All posts by John Pollak

John Pollak did Arts and Law at Sydney uni. He practised Law for a short while and went into business. He made too much money for his own good and today is not so much retired as having little to do. He plays tennis and carries the bags for his wife when she goes overseas. When prompted and badgered he does the occasional review. He goes to Ethiopia every now and then and where, with Professor McGuigan of the Royal College of Surgeons in Ireland, he is bringing the Sodis Program for safer water to the Tigray region. When seen in public he is often hunched over a cup of coffee and a foccacio whilst immersed in a diabolical suduko. Or he is driving his wife to bridge.


This performance, like so that of so many by student bodies, is full of verve, gusto and raw excitement.  

Sondheim’s story revolves around Robert or Bobby, as he is affectionately known, played convincingly by Nic Savage.  Bobby is in his thirties, successful yet bored, a focus in the lives of many of his friends, but ultimately alone. Good looking and charismatic, he is strangely detached and isolated. He has it all…or  perhaps he has nothing.

Bobby knows that he does not know much, but it does not occur to him that out there is someone one who just might know what he does not know. As the play progresses we see that behind an assured worldly exterior lies a dark, hopelessly gloomy interior.

Bobby’s friends too echo his conundrum. Behind  their facade of apparently happy partnerships and lives, they too lead  fragile, fragmented existences. With Peter (Tavis Cunningham) and Jenny (Tash Atkins) we have the ultimate dichotomy.  Once married, they are now divorced and have never been happier in each other’s company.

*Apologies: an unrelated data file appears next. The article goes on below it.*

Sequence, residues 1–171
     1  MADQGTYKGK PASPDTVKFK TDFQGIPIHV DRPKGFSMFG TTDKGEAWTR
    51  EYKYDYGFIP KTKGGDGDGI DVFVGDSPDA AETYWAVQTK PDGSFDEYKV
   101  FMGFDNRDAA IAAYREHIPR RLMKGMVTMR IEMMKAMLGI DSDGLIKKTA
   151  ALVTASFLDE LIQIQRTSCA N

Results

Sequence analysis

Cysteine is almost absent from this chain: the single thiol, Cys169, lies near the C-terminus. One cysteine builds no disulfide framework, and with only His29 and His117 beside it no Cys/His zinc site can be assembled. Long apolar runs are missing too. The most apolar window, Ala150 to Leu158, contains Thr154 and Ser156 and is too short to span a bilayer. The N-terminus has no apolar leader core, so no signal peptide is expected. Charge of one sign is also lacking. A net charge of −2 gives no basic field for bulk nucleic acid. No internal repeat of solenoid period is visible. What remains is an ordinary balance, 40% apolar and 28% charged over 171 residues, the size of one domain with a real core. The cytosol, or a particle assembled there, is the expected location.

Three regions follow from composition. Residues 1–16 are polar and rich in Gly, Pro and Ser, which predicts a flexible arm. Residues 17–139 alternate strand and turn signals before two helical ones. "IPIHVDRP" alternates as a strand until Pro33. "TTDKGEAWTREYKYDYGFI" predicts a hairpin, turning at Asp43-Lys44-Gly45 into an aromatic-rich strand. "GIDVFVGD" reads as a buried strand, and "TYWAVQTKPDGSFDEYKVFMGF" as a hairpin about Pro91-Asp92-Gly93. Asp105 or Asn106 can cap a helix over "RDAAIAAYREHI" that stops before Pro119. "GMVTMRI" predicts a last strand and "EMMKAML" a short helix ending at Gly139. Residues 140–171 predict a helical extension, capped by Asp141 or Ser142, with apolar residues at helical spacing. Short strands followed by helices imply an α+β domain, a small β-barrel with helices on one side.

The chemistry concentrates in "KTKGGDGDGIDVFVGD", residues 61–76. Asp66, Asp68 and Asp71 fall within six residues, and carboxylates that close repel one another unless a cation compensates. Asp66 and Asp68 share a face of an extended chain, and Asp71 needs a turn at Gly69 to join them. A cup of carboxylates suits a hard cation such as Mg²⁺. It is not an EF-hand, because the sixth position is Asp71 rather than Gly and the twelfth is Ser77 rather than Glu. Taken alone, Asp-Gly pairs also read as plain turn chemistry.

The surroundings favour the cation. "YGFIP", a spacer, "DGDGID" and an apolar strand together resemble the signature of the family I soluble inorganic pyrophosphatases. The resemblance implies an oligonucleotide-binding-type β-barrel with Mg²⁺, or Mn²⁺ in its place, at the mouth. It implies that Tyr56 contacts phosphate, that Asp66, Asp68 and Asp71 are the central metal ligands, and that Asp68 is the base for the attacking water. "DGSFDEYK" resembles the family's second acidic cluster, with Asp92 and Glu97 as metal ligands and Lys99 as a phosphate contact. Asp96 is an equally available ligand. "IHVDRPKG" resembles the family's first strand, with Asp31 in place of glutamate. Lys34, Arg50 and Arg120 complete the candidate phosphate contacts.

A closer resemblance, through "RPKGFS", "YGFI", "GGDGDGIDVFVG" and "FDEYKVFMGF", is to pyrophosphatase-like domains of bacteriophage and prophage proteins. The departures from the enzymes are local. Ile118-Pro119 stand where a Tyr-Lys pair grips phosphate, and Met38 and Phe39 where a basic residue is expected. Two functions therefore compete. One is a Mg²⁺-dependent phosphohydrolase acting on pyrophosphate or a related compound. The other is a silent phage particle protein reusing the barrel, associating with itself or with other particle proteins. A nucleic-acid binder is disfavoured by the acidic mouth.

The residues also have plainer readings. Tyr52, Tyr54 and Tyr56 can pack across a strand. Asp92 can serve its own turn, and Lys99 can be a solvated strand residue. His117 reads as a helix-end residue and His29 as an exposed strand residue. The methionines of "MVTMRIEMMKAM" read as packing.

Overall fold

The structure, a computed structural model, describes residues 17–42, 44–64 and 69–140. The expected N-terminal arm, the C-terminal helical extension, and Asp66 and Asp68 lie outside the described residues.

It really was a dark and windy night, and we were lashed by squalls of wind and dense, sleeting rain as we made our way by train from the Land of the East (Edgecliff station) to the Riverside Theatre at Parramatta. To those of you who have not made this journey, let me commend it to you.

Upon leaving Town Hall station our white and middle class train suddenly morphed into a sort of immigrant express. From all over Asia they piled in – from Pakistan. Bangladesh, India. China, Malaysia, and Indonesia.

For many of them, exhausted from the day’s work, a seat on the train, as it glided along toward home, would have been a tender mercy. Continue reading THE AGE OF BONES @ RIVERSIDE PARRAMATTA



Have you ever considered the fate of the humble childhood toy  “Jack in the box”  ?

Well, Rosemary Dobson has:

“He crouches low and supplicant/His elbows knocking on the wood…/He waits the tapping at the locks/He hears the children calling”Jack!”…/They think he sleeps, but how he weeps/His small tears falling with no sound……”

Rosemary Dobson was a distinguished and prolific Australian poet who died in 2012 at the age of 92. Her poetry is somewhat more intellectual and detached rather than visceral…but nevertheless she still writes movingly of the human experience.

COCK CROW puts a handful of her poems in a musical context. Leonie Cambage is the poet’s voice (she trained as an opera singer), Shaun Ng plays Lute, Viola da Gamba and Theorbo, and  Diana Weston plays Harpsichord. Continue reading COCK CROW : ROSEMARY DOBSON IN WORDS AND MUSIC @ MOSMAN ART GALLERY


This Concert was at the City Recital Hall last Thursday at 7.30 pm. For those who have not been there it  is quite an unusual venue. Whereas the Opera House sits grandly on Bennelong Point at night its shells like grand ghost sails rising out of the dark, the Hall is tucked away, almost hidden in the bowels of  the city.

But while the acoustics of the Opera House are somewhat indifferent the acoustics here are superb and plush regal purple seating and wood panelling make this a delightful concert setting.